A principal from New York City reportedly sent parents of students a controversial leaflet asking them to rate their whiteness.
In the documents sent by East Side Community High School principal, Mark Federman, parents were challenged to reflect on their whiteness by placing themselves on a custom-made scale somewhere between ‘white supremacist’ and ‘white abolitionist’.
While it is not clear whether the document was intended only for parents or also their children, an Education Department official confirmed to the New York Post that the pamphlets were sent to all parents as food for thought.
In the papers, the parents were presented with an ‘8 White Identities’ scale designed by the Slow Factory Foundation on the basis of a curriculum developed by Northwestern University professor Barnor Hesse.
According to the graphic, people were encouraged to place themselves in the greener areas and call themselves white abolitionists and white traitors while white supremacists and white privilege appear on the red side – the negative part – of the scale.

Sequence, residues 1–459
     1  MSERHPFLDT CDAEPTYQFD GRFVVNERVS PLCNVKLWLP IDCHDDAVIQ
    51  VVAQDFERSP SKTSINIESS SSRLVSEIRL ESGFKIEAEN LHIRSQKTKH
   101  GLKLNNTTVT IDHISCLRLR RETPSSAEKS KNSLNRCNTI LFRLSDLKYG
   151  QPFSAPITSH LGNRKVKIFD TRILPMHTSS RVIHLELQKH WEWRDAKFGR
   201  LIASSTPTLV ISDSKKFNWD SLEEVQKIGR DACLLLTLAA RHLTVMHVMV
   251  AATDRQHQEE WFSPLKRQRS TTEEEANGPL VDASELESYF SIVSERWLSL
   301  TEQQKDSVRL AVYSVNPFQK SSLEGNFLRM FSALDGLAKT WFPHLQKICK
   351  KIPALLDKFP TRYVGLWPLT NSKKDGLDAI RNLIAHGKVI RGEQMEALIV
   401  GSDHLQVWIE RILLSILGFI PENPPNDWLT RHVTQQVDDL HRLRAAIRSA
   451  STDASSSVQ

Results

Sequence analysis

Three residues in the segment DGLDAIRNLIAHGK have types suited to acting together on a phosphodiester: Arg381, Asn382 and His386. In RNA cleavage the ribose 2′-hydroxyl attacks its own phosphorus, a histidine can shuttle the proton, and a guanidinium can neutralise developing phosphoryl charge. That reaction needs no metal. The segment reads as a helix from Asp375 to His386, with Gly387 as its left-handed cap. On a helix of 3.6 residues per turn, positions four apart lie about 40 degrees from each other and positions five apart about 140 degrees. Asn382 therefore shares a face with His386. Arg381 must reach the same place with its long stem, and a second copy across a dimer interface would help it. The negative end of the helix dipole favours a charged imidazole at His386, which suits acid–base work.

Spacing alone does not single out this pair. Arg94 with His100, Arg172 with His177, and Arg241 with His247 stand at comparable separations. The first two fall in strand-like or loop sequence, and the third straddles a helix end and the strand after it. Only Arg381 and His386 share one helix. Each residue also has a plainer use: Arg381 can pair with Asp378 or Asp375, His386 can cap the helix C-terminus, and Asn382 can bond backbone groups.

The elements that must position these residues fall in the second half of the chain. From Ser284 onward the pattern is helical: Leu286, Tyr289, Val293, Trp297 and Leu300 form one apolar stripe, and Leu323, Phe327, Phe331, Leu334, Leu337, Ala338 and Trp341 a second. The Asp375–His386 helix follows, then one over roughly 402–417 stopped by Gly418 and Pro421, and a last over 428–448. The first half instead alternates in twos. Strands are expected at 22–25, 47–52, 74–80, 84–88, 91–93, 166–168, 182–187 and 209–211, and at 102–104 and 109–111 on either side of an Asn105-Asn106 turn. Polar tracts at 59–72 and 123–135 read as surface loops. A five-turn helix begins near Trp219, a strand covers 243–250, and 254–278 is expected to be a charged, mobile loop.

From alleged ‘bad’ to ‘good’ identities, the scale includes white supremacist, white voyeurism, white privilege, white benefit, white confessional, white critical, white traitor, and white abolitionist.
“There is a regime of whiteness, and there are action-oriented white identities.
People who identify with whiteness are one of these.It’s about time we build an ethnography of whiteness, since white people have been the ones writing about and governing Other,” the text accompanying the description of each of the ‘identities’ reads.
Speaking of the controversial texts and scale, an official from the Education Department said:
“Anti-racism and the celebration of diversity is at the core of our work on behalf of the young people of New York City, and the East Side Community School’s students, parents and staff partner together to advance equity in their community.
“The document in question was shared with the school by parents as a part of ongoing anti-racist work in the school community and is one of many resources the schools utilizes.”
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